Sunny Outlook for Job Training
Gifts preparing students for work in solar, wind energy fields
A new $18,000 piece of electrical training equipment that students began using at Gloucester High School last week can open doors to new employment opportunities, sophomore Brendan McCarthy and some of his classmates say.
It could also provide a needed workforce toward the future of the energy industry, says Tim Sanborn, owner of the Gloucester-based Cazeault Solar & Home company that is one of the donors backing the project.
Both the new training apparatus and a $15,000 solar system donated by Cazeault are part of an overall solar and wind energy program that’s now the focus of more than two dozen students in grades 10 though 12 at the high school, says Robert Devlin, who is teaching the program in the school’s electrical shop.
The solar-wind energy training system, provided for the school through a donation by local philanthropists John and Mollie Byrnes through the Gloucester Education Foundation, provides students the chance to gain hands-on programming and testing skills for installing solar panels and other system components as well as for wind turbine projects. The more elaborate solar panels being built by juniors and seniors will ultimately be installed on the roof of the school sometime next year, Devlin said.
“The idea is to diversify the program and provide as much diversity in electrical education as possible,” Devlin said, as sophomores McCarthy, Kory Hurd, Dylan Piscitello, Cole Benson and Joel Silva looked over the apparatus, which had a sample turbine prop attached and a medal hood protecting the solar panels at the top.
Devlin noted the program should not only give interested students a leg up if they choose a career in solar electronics, but if they explore higher engineering education.
Those opportunities were not lost on the students working on their project Monday.
“I think solar’s going to be taking over the industry sometime in the future,” said McCarthy. “We know the oil supply isn’t going to go on forever. Solar is becoming more and more the way to go.”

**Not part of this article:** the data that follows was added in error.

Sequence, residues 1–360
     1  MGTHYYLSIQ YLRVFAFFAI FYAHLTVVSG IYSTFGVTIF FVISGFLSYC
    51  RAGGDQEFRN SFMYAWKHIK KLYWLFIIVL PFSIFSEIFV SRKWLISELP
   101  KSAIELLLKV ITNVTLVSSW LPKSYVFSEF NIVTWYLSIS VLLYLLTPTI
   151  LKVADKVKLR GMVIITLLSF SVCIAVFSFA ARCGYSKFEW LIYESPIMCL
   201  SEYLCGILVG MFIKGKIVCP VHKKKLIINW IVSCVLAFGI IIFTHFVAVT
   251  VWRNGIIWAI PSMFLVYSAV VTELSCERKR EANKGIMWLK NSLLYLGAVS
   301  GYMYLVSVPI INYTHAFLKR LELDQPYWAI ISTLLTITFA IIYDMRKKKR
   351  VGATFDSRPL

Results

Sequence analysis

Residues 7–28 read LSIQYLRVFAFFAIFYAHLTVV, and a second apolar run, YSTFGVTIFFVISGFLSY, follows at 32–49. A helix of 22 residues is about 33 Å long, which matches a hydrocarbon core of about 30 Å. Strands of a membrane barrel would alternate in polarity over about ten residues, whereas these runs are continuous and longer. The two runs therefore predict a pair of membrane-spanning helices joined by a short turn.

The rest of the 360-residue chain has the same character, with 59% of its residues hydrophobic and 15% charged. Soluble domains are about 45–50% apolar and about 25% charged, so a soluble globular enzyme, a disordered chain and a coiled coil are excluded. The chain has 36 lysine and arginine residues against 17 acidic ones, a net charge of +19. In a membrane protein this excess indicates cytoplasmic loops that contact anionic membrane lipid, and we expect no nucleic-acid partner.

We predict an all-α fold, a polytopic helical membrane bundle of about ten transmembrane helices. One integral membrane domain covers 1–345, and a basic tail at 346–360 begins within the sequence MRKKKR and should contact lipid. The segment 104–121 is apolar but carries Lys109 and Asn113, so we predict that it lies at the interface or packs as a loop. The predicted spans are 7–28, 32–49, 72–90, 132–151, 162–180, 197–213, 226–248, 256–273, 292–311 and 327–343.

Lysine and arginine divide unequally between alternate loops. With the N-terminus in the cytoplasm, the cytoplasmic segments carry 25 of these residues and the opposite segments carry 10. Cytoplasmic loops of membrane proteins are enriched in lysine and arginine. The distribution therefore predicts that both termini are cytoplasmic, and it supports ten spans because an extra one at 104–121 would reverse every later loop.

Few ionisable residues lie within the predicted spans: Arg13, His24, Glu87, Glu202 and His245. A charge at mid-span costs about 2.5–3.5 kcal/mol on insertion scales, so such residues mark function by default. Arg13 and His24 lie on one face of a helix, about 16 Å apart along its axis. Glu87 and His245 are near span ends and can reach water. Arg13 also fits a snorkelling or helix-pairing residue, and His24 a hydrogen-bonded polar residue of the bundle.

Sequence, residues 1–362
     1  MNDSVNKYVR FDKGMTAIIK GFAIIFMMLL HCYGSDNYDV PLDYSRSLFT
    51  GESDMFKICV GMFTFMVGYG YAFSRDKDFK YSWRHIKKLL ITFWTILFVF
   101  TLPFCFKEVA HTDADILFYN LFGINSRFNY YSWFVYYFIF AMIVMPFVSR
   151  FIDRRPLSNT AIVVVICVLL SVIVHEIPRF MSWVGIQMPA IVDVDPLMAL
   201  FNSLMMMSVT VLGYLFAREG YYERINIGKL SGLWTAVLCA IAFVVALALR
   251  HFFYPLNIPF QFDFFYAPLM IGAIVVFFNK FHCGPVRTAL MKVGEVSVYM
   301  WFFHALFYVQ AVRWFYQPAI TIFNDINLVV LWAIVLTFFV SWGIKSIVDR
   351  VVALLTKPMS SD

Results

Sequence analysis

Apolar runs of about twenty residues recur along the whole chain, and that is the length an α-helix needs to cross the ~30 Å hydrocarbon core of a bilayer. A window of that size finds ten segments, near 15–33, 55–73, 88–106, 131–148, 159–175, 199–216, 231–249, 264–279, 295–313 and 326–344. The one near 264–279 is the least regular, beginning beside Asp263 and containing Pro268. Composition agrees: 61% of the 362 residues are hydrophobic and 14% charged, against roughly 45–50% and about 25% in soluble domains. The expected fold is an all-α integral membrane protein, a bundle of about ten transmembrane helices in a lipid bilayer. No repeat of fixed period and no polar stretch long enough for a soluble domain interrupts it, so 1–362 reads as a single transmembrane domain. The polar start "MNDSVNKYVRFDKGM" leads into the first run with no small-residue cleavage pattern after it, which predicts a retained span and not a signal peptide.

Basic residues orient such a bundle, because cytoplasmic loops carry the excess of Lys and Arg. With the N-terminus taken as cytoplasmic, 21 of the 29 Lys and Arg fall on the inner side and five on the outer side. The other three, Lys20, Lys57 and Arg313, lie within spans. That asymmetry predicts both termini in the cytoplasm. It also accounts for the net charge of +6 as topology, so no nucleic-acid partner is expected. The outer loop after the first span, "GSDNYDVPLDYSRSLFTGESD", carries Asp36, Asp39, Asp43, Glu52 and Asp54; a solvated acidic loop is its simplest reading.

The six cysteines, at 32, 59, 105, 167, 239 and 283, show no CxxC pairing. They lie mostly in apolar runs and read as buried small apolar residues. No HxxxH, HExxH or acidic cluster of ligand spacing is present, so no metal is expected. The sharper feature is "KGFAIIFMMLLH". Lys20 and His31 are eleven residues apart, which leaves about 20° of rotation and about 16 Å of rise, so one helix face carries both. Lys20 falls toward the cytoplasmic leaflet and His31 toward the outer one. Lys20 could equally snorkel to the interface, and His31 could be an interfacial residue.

Piscitello added that, even if the students don’t make a career out of working with solar energy, the Gloucester High program will provide benefits just in “knowing how these systems work.”
“That’s important, too,” he said.
Sanborn said programs such as Gloucester’s solar project, one of just four now underway in schools across Massachusetts, can prove a boost for an industry that’s growing faster than schools and job training programs can provide workers. He noted that state and federal incentives for residents or businesses converting to solar energy continues to fuel a boom across the industry, including in Massachusetts.
“We have a shortage right now in terms of workers,” he said during a visit to the school Monday. “We can’t find enough workers to fill the orders we’re getting even now. That’s how fast we’re growing. This should provide a lot of opportunities for the students, and that’s great, but it’s an opportunity for our industry to work with our schools and help them fill our needs as well.”
For their part, John and Mollie Byrnes say they recognize the importance of the project, too. The Byrnes’ local philanthropic endeavors to date have included a $150,000 challenge grant to Addison Gilbert Hospital and a $5,000 grant to the Police Assisted Addiction Recovery Initiative from their Peter and Elizabeth Tower Foundation.
Mollie Byrnes said the couple are not only glad to support the Gloucester High project, but are looking to install a solar system in their Gloucester home next year.
“This is the energy we need,” she said. “We need more solar, we need more wind, and we need to educate people about both.”
Article Source: Lamont, Ray “Sunny outlook for job training: Gifts preparing students for work in solar, wind energy fields” Gloucester Times Gloucester Times 13 January 2016 3:00am Web 14 January 2016